It may be seen as fitting, or the whim of the technology gods, but now that telecom transport technologies no longer require accurate and stable timing to work at their best, the troubleshooting lines for network timing equipment are no longer as easily defined as they once were.
It is true that the fundamental networks no longer rely on timing for their own performance. However, there are many applications at the edge of these networks that do. And it is these requirements that are becoming increasingly tight with each new generation.
Solving Legacy Issues
For those of us in the timing supply and support world, the ‘legacy’ networks gave us plenty of challenges. Thankfully, there were always ones that could be resolved by swapping hardware modules. (With the occasional ‘turn it off and turn it back on again’ tactic for good measure, too.) Our time signals were an external input into network devices, and most hardware, especially in core networks, had a large degree of hardware resilience (e.g., dual power, dual clock, dual modules). An on device red light, or SNMP trap or similar for remote management, flagged up the error and a hardware swap would usually resolve the issue.
Consequently, the move from PDH/SDH has changed all that. We are now operating in non-deterministic networks and as a result our timing signals are now in with the rest of the traffic. Timing packets may have priority status, but this still presents challenges that the timing community had not really encountered before. While these timing transport issues have successfully been addressed, for those of us supporting our customers’ timing equipment, the old certainties have all but disappeared.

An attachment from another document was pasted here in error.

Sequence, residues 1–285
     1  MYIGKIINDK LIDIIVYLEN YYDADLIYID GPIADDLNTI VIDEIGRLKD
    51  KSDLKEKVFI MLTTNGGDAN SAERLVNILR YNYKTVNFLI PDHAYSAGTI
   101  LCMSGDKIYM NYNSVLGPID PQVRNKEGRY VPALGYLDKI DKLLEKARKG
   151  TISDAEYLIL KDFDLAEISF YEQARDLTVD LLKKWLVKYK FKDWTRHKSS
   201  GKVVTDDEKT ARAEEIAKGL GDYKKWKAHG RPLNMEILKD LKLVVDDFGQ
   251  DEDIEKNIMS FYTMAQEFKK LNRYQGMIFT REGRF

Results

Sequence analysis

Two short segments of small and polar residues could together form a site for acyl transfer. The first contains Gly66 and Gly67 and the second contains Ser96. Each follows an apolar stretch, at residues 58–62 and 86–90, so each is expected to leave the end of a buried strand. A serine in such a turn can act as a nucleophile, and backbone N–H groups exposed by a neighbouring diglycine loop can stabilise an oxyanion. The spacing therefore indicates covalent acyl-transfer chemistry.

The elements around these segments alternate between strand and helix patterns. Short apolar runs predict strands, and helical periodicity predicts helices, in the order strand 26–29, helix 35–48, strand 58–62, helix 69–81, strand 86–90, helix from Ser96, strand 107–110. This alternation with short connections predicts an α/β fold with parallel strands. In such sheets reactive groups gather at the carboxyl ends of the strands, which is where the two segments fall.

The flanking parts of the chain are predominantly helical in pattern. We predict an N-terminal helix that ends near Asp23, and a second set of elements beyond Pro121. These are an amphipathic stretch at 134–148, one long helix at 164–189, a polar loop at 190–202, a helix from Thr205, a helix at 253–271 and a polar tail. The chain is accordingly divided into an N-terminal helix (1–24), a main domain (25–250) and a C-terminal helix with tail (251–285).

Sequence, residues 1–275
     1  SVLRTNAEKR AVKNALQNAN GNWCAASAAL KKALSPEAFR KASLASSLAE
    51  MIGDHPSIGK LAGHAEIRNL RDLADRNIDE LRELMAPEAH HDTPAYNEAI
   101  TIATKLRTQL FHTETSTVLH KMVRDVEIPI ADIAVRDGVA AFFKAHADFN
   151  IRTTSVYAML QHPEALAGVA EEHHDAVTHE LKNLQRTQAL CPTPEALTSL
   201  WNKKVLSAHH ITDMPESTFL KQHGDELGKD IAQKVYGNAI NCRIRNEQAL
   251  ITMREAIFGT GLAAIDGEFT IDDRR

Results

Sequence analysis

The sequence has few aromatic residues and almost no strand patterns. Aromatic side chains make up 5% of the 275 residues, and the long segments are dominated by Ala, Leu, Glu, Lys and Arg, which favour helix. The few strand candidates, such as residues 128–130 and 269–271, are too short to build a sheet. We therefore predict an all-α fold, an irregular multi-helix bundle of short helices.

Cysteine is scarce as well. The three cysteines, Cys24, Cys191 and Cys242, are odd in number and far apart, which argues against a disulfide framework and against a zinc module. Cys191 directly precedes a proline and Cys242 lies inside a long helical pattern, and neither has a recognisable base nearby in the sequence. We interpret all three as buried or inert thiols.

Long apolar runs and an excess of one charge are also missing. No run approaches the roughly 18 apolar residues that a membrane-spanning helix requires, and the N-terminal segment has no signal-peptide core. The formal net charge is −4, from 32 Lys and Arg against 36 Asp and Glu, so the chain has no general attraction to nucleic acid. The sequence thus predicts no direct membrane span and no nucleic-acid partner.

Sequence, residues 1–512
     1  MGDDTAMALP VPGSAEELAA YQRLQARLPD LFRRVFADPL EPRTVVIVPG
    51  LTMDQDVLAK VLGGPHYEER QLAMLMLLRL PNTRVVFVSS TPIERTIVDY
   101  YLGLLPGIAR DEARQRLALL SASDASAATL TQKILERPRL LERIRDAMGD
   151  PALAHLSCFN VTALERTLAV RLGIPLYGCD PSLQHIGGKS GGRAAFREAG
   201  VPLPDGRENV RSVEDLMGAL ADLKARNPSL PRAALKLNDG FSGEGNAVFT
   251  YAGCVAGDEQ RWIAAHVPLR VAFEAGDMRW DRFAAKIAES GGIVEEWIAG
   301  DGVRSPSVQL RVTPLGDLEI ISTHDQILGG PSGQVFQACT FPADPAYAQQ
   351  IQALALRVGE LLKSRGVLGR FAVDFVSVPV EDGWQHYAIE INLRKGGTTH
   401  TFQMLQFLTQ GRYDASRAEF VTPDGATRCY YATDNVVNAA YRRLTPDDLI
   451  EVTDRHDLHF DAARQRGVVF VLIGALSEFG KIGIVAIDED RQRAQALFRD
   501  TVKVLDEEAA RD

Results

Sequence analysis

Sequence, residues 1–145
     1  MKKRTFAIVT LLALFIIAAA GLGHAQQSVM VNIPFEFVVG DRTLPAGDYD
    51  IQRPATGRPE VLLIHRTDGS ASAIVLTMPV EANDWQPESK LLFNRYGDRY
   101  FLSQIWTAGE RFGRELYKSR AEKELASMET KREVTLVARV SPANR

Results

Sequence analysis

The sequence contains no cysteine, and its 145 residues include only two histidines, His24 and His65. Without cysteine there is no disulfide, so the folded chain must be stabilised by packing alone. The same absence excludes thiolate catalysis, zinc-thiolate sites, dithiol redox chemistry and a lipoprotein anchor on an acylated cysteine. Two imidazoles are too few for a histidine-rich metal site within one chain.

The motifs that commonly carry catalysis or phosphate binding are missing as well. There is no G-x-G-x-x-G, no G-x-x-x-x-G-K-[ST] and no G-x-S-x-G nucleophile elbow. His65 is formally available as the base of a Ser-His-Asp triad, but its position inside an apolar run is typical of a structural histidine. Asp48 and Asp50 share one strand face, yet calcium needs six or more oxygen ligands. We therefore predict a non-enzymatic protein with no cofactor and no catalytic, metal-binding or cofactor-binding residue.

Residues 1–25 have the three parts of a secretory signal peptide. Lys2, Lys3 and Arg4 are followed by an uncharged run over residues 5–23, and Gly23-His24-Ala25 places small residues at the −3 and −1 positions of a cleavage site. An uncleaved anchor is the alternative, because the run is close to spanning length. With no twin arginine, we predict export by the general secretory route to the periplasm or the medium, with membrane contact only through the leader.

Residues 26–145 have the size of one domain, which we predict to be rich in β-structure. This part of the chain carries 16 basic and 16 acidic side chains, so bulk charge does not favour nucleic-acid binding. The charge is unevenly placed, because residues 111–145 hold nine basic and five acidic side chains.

More Complex Systems
Time-focused solutions are now less modular, and highly dependent on software to deliver the functionality required. Simple hardware fixes are increasingly not an option. We are increasingly involved in many discussions on what a customer’s error is, and what service/services are causing it.
Furthermore, time issues formerly diagnosed with a call and an interrogation of the device could require deeper investigation. Now a series of meetings between many departments and contractors may be needed to identify the issue.
For us at Chronos, this has meant a massive shift in the ways our day-to-day support operation works, increasing complexity. This confirms the need for an operator to work with specialised timing supply/support teams to maintain effective network operation.
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